Tuesday, October 19, 2010

Macarons Gerbet or "what the heck have I gotten myself into?" Macarons

Macarons Gerbet
Estimated time to complete: 2 hours
Makes 25 sandwich cookies

Recipe from the book " The fundamental techniques of classic pastry arts"

115gm (4 ounces) almond flour, also known as almond meal
200gm (7 ounces) Confectioners sugar- or in Australia, pure icing sugar

For the meringue:
90gm (3 1/4 ounces) egg whites, at room temperature
8gm (2 tablespoons) confectioners sugar

For the finish:
Traditionally you would use raspberry jam
I made a chocolate ganache, and used leftover Dulce De Leche
(Dulce is way too sweet- better make a buttercream flavoured with Dulce, add some flakes of sea salt)


Baking sheet/tray
Baking parchment
Food processor fitted with metal blade
Standing electric mixer fitted with whip attachment
Rubber spatula
Pastry bag fitted with #2 tip- or in my case a cheap icing bag with no tip attached
Wire racks to cool
Metal spatula to help slide macarons up


Prepare your mise en place (a French phrase defined as "everything in place").

Preheat oven to 162 Celsius (325 Fahrenheit).

Line a baking sheet with parchment paper, set aside.

Combine the almond flour and sugar in the bowl of a food processor fitted with the metal blade.
Process for about one minute until, or until very fine.

To make the Meringue, place the egg whites in the bowl of the standing electric mixer fitted with the whip attachment. Beat on low to aerate. Add the sugar, raise the speed to high and beat for about 3 minutes, or until soft peaks form. Take care not to overwhip or the meringue will be dry and it will be difficult to fold in the dry ingredients.

Remove the bowl from the mixer and using a rubber spatula, fold the almond mixture into the meringue until well blended.

Transfer the batter to a pastry bag fitted with the #2 tip.

Carefully pipe 50 2.5 cm (1 inch) rounds of the macaron batter onto the parchment-lined baking sheet.
Set them aside for about 1 hour, or until the macarons form a skin on their surface.
This is extremely important, as the skin helps the macarons hold their shape during baking

Bake the macarons for about 10 minutes, or until firm and just beginning to brown around the edges
(the macarons should not colour much during baking.) Watch carefully, as the high sugar content can cause the cookies to burn quickly.

Immediately transfer the macarons to wire racks to cool.

Once cool, sandwich the macarons with desired filling, serve immediately or store them, airtight in layers, at room temperature for a day or two.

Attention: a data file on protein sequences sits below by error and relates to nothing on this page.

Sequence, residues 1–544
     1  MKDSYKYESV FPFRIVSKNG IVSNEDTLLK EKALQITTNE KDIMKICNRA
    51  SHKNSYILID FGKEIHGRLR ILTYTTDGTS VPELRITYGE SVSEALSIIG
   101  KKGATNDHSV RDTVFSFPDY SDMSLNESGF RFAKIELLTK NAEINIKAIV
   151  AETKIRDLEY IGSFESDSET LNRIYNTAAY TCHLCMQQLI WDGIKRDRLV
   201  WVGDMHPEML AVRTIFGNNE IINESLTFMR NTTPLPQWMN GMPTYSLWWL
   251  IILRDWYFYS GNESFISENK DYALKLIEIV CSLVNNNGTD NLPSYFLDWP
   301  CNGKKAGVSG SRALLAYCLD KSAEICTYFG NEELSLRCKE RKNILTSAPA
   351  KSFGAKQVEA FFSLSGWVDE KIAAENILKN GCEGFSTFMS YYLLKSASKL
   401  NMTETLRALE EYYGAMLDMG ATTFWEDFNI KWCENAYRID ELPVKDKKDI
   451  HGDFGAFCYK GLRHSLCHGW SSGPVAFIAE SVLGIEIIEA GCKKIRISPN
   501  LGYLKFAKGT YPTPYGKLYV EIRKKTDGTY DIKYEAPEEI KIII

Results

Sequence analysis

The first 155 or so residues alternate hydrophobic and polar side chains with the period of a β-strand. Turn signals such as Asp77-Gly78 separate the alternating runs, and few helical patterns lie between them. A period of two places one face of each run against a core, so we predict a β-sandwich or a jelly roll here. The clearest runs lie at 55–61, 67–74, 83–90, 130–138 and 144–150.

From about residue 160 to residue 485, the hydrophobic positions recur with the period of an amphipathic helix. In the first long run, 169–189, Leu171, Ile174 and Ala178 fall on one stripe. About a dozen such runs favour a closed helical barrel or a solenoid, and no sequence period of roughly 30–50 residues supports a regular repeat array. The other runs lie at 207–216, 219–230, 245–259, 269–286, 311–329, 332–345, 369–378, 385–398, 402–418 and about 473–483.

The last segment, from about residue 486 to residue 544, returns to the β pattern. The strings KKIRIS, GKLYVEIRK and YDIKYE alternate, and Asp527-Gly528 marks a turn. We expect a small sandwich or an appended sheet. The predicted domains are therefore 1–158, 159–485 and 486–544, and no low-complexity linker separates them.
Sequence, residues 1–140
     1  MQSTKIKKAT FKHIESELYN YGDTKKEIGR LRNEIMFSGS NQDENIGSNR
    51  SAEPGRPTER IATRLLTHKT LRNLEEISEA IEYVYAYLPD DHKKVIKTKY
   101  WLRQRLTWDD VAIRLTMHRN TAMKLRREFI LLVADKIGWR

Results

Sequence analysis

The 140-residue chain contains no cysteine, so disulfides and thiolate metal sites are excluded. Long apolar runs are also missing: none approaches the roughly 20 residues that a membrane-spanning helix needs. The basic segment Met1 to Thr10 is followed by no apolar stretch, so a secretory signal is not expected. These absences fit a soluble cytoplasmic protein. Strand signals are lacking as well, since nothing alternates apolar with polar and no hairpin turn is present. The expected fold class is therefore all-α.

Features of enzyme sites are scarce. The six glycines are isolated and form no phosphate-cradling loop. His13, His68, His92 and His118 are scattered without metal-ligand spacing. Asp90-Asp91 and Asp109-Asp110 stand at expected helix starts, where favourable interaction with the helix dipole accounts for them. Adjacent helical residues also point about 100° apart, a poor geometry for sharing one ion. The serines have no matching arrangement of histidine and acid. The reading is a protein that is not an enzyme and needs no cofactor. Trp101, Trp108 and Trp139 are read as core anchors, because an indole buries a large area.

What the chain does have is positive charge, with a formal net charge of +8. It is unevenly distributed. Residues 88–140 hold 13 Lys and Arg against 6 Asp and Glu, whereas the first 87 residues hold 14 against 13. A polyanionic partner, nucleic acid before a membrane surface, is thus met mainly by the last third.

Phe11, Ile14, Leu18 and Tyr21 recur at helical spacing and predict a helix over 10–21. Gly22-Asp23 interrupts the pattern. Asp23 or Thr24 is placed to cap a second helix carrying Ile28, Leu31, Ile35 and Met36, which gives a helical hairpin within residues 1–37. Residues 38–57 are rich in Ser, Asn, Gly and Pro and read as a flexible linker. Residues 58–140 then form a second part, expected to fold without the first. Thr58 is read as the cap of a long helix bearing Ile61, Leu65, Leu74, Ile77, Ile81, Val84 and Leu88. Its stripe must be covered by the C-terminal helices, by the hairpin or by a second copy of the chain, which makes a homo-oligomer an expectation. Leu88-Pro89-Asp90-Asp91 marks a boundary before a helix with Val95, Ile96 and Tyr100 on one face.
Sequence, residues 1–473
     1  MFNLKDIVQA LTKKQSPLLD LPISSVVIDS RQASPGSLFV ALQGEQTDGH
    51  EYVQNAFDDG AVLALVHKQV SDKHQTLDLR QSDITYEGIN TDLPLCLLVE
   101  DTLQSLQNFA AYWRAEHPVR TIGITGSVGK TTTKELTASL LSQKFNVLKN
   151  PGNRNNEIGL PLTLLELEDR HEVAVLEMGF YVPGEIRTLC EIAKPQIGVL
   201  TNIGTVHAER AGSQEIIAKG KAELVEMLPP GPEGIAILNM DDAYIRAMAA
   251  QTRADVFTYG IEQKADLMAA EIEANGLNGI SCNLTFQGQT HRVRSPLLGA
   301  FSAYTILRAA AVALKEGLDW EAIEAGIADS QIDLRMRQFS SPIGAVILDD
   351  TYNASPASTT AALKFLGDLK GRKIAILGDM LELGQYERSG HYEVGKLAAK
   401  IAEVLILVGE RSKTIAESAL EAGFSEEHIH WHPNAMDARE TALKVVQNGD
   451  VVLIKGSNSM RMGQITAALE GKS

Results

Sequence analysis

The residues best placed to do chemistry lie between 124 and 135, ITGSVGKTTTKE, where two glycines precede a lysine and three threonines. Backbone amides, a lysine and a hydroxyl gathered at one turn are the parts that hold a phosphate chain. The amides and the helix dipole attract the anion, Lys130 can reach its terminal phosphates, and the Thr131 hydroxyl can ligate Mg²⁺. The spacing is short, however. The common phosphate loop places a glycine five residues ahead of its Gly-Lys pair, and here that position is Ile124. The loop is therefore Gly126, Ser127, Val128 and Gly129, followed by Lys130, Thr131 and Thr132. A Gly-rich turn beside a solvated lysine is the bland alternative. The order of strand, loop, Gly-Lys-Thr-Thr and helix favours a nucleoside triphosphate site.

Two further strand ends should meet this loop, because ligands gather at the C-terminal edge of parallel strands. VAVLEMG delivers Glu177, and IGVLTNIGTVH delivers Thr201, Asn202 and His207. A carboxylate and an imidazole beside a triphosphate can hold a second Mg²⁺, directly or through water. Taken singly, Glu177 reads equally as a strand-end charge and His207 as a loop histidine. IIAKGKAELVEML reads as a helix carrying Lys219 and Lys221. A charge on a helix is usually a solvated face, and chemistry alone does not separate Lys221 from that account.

Now for my notes on the method/process that would have helped me prior to the event.

Digital scales are preferable when it comes to baking, like the old adage for carpenters "measure twice, cut once"- you must be precise with baking, especially when working with meringue.

Once you process the almond meal and sugar, try and sift, loosen the mix- otherwise it is hard to fold.

Add flavourings and/or colours to the meringue in the last 30 secs of whipping the mix, before you fold in the almond mixture - you don't need to be too precious about it- otherwise it won't mix.

Make sure you tap the tray on the bench once you have piped on the macaron circles- this helps get rid of any air bubbles.

Once in the oven, keep a close eye- as these babies cook quickly- mine were more golden- but it didn't detract at all from the final result.

IF YOU HAVE MACARONS COOLING DO NOT LET THE CAT OUT- Mum let our cat Chai out of their room, and he decided in a split second to investigate cooling macarons (the best and first batch out of the oven) flipped the tray by standing on the edge and they ended up all over the floor. I was mad as a hatter, having cooked and prepped for over 2 hours already at that point.

Realise how easy it is, and know you can do it again and again without it being scary like the first time.

What follows are some pictures of my process, final result and the offending cat- he is adorable- but such a naughty ninja cat!


All weighed and measured

piped- not very pretty- I am worried at this point

Cooling, pre Chai attack

The gorgeous culprit- our cat Chai

Glossy, slightly domed, ruffled foot- all good points (=

Gorgeous glossy ganache, before putting it in the fridge to firm- oh so delish

Dulche De Leche- way too rich, and sweet- would be better to add flavours to a buttercream

Dark chocolate ganache filled- ultimate favorite in my household- so much so, I only got to try one.

While I thought that Macarons would be much more frightening, I was rather impressed with my abilities- honestly next time round it will take me half the time and I can experiment with more flavours- would love to try Strawberry and Mint, or Chocolate with Salt Caramel Buttercream (using dulce).

They were a massive hit, and rather rich, which is how a good dessert should be really sweet, satisfying and luxurious.

What did you think? What flavours would you recommend I try?

I do need to make them again soon, i have to make a batch for my gal J, and for my man who is living interstate <3 Miss u, don't worry there will be plenty of baking to come for you xo

Love, Hugs and Macaron Kisses


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